What are the National Championship Air Races?
Held every September just north of Reno, the National Championship Air Races have become an institution for Northern Nevada and aviation enthusiasts from around the world. Last year's event attracted more than 150,000 spectators and generated more than $66 million for the region's economy. The event features six racing classes, a large display of static aircraft and several military and civil flight demonstrations.
There are a few highlights to consider when purchasing tickets and coming out to the Reno-Stead Airfield Sept. 16-20. Check out the event information below and mark the calendar for this year's air race and show.
What types of planes are flying?
• Unlimited Class - Stock or modified WWII fighters with the P-51 Mustangs, F-8F Bearcats and Hawker Sea Fury being flown most often. The Unlimited Class flies in speeds exceeding 500 miles per hour.
• Jet Class - Aero Vodochody L-39 "Albatros" jets, non-after-burning jet with less than 15 degrees of wing sweep. The Jet Class planes fly at racing speeds in excess of 500 miles per hour.
• Sport Class - Super Sport and Sport classes consist of kit-built aircrafts powered by a reciprocating engine with displacements of 650 cubic inches or fewer.
• T-6 Class - One of three different types World War II trainers: AT-6, Harvard's, or SNJ's. The racers who compete in this class on a 4.990-mile race course create some of the tightest competition seen at the National Championship Air Races.
• Formula One - A minimum dry empty weight of 500 pounds, non-retractable landing gear, a minimum wing area of 66 square feet, a fixed-pitch propeller constructed of either wood or composite materials and a 100 HP 200 cubic-inch Continental engine. The Formula 1 class has several races across the country throughout the year, with Reno serving as the site for their National Championship and their biggest purse. At Reno, the race course distance covers 3.1068 miles.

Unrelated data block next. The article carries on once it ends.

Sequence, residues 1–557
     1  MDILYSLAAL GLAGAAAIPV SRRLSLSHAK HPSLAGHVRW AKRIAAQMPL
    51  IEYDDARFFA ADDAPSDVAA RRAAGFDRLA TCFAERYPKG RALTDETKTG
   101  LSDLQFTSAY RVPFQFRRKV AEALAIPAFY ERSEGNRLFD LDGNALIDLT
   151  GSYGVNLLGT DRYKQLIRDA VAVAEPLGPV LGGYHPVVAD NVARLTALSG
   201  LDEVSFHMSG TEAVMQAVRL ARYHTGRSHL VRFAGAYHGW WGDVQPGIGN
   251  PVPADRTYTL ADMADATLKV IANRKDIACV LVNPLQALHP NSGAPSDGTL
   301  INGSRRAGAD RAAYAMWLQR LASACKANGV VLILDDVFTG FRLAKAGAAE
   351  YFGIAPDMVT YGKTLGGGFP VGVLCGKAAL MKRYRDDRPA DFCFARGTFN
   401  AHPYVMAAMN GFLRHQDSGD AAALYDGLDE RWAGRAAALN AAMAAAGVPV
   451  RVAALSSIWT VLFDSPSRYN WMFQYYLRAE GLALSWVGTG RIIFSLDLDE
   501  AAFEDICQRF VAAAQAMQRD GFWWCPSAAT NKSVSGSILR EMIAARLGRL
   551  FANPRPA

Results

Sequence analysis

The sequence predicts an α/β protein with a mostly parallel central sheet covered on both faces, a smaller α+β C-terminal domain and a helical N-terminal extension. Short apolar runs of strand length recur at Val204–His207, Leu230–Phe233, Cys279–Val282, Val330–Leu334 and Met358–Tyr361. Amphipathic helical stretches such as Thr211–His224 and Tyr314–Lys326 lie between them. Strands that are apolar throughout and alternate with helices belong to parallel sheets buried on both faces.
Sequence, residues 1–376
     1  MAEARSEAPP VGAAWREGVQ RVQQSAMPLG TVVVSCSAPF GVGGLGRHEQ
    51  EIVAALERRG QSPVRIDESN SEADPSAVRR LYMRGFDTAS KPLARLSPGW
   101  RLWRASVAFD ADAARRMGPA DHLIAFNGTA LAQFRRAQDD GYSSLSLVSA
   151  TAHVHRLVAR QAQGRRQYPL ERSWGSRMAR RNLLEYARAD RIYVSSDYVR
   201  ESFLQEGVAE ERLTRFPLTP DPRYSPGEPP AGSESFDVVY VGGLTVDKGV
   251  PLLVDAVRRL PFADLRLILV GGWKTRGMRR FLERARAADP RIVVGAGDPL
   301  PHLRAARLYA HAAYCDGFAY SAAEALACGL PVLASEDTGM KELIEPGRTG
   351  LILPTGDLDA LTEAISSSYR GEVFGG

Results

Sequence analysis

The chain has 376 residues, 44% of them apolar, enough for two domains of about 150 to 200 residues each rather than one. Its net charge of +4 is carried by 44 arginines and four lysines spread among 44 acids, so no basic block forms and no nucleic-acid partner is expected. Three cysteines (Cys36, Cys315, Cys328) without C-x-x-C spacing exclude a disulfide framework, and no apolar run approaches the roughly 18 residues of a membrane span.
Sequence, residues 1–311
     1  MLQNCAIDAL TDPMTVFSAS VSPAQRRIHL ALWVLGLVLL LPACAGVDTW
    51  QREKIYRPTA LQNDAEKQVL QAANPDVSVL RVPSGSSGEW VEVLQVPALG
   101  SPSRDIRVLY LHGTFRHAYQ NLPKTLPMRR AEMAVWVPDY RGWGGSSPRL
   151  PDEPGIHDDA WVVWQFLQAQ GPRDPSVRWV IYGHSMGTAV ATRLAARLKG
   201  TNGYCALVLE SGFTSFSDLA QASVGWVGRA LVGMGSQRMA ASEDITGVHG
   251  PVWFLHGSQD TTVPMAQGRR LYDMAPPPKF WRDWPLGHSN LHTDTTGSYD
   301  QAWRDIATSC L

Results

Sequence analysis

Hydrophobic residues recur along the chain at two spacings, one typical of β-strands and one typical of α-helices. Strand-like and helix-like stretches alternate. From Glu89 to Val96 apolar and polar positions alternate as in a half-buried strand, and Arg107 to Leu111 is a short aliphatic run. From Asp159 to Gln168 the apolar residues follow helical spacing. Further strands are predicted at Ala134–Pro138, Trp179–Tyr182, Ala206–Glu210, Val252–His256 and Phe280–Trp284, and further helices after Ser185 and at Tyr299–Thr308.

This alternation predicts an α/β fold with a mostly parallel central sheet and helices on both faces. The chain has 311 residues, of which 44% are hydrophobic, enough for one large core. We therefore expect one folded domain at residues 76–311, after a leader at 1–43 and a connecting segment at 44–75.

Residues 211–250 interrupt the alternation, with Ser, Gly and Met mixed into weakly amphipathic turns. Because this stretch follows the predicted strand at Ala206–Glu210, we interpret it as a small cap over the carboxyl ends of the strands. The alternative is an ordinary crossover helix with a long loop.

• Bi-Plane Class - Biplanes must have a minimum dry weight of 500 pounds, at least 30 percent of the required 75-square-foot wing area must be contained in the smaller of the two wings, non-retractable landing gear, a fixed pitch propeller, and the largest engine permitted is the 360-cubic-inch, 180 HP Lycoming engine.
Notable pilots this year include Robert "Hoot" Gibson in Strega and Steve Hinton in Voodoo, in a culmination of a years-long rivalry with wins from both planes for first and second place.
Notable military performers this year include the F-16 Viper Demo/Heritage Flight and USAFA Wings of Blue Jump Team. Notable civilian performers this year include the Breitling Jet Team, Tora Tora Tora, David Martin, Red Eagles, Falcon Demo, and B-25 Fly-by.
"This is arguably one of the most competitive fields in the history of the National Championship Air Races," said Mike Crowell, CEO of the Air Racing Association (RARA). "Truly, with such a stacked racing field, our fans are in for an unforgettable experience."
This year also includes an expanded Drone Zone and The Small Unmanned Aerial Systems Challenge, the famed "Big D and Bubbah", and a bevy of individual air performances from some of today's most talented aerial stunt pilots, including Breitling Jet Team and Tora Tora Tora.
"The Drone Zone was wildly successful with people of all ages at last year's event. We're thrilled to offer even more unmanned aerial vehicle opportunities this year, and it's been a great way to get visitors excited about the event and advancements in UAV technology," said John Agather, Chairman of the Board for RARA.
The 52nd annual National Championship Air Races is the world's premier air racing event. Qualifying events for the race were Sept. 13 through Sept. 16. The races kick off Sept. 16 and continue through Sept. 20 at the Reno-Stead Airfield. Visit www.airrace.org for a complete list of events.